Volkswagen Passat GTE 2016 review

Do the sums add up for the plug-in hybrid Volkswagen Passat GTE on British roads?

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The Passat GTE offers a largely impressive blend of performance, refinement and efficiency. It allows you to enjoy the smoothness of electric power around town without the associated range anxiety, while also offering the long-distance performance of a normal petrol car. It’s smoother than a diesel model, but it doesn’t quite live up to the implied sportiness of the GTE badge. You’ll also need to make sure your volume of journeys justify the price hike over the conventionally powered car, though, as the real-world economy bonus isn’t always that great.

The diesel engine isn’t dead yet, but Volkswagen isn’t taking any chances. The manufacturer has begun its rapid expansion into alternative forms of propulsion – and the Passat GTE is the newest addition to the electrified fleet.

While it’s some way from the long-range pure EVs that VW has in the works, the Passat GTE, as with its smaller Golf GTE cousin, offers a halfway house between a full EV and a conventional combustion engine by providing both. Here, it’s a combination of a 154bhp 1.4 TSI petrol engine and a 114bhp electric motor, giving a total system output of 215bhp.

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At first glance, only keen petrolheads would spot that this wasn’t a normal Passat. It looks much the same as a GT model, apart from a subtle blue line above the grille and blue-tinted GTE badging. The charging flap is hidden in the grille, although it’s flimsier than you’d expect from a VW.

Horseshoe-shaped LED running lights in the bumper give the game away, however, while it’s similarly discreet inside. In fact, only the blue ambient lighting strips and the power distribution readouts remind you this is a hybrid. That’s a good thing; the Passat is a smart-looking car and, in typical VW fashion, fit and finish are on par with interiors from BMW and Jaguar.

The Passat GTE is all about choice, and there are plenty of ways to configure your driving experience. You can simply ignore the plug-in element altogether; the default Hybrid mode will balance the two power sources until the battery runs dry.

Or select E-mode and you’ll glide smoothly on electric power for as many as 31 miles at up to 81mph, while Recharge tops up the batteries at the expense of fuel economy.

Left to its own devices, the Passat GTE will do a bit of all three, and despite the odd lurch the powertrain slips between each mode pretty seamlessly.

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An additional button by the gearlever shows VW’s intent to make this Passat a performance-orientated hybrid. Marked GTE, it primes both motors for full output, while at the same time weighting up the steering, improving throttle response and (optionally) stiffening the dampers. In that mode it will do 0-62mph in 7.6 seconds, thanks to the electric motor’s instant punch.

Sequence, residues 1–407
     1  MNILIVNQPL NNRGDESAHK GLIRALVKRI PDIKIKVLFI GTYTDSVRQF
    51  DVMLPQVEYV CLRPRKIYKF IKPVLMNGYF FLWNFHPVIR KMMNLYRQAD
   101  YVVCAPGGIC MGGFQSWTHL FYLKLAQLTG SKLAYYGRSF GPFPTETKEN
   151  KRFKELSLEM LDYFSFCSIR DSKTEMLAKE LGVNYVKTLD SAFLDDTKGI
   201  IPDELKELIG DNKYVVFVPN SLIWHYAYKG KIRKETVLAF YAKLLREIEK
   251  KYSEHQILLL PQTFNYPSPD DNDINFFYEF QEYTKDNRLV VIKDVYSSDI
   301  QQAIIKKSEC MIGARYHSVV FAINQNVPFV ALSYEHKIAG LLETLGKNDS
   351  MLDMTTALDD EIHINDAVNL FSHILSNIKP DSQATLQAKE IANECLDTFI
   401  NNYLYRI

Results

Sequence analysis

The VW still doesn’t feel particularly sporting out of town, though, where a top-spec diesel Passat is just as quick. Take it out of GTE mode and it’s still brisk, but if you’re not gentle with the throttle it will hold on to lower gears too long and start feeling like a CVT when, actually, it’s a six-speed dual-clutch box. Still, at least you can take manual control, while you can also increase the amount of regenerative braking with the paddles in electric mode.

Over our 180-mile test of the Passat GTE, which included a mix of motorways, country roads and city streets, the trip showed an average of 53mpg – that’s with two three-hour charges on a household plug. That’s far better than a similarly powered petrol car, and on par with the 2.0 TDI 190 diesel. It’ll increase if you stay in EV mode in town, but as is the way with plug-ins, it’s way off the claimed 166mpg. Still, 39g/km of CO2 is a big draw for company car buyers, and the GTE is London Congestion Charge exempt.

There are some sacrifices to be made, though. The Passat weighs 110kg more than the diesel auto, which means it feels less agile, with a bit more body movement in bends. The bigger issue, however, is the ride. It’s mainly firm but controlled, and smooth on the motorway, but the GTE can occasionally crash and thud as it struggles to deal with sharp bumps in town.

You lose 180 litres of underfloor boot storage thanks to the battery pack, too. Furthermore, even with the Government grant, the GTE is £4,000 pricier than a similarly fast and impressively frugal 2.0 TDI.

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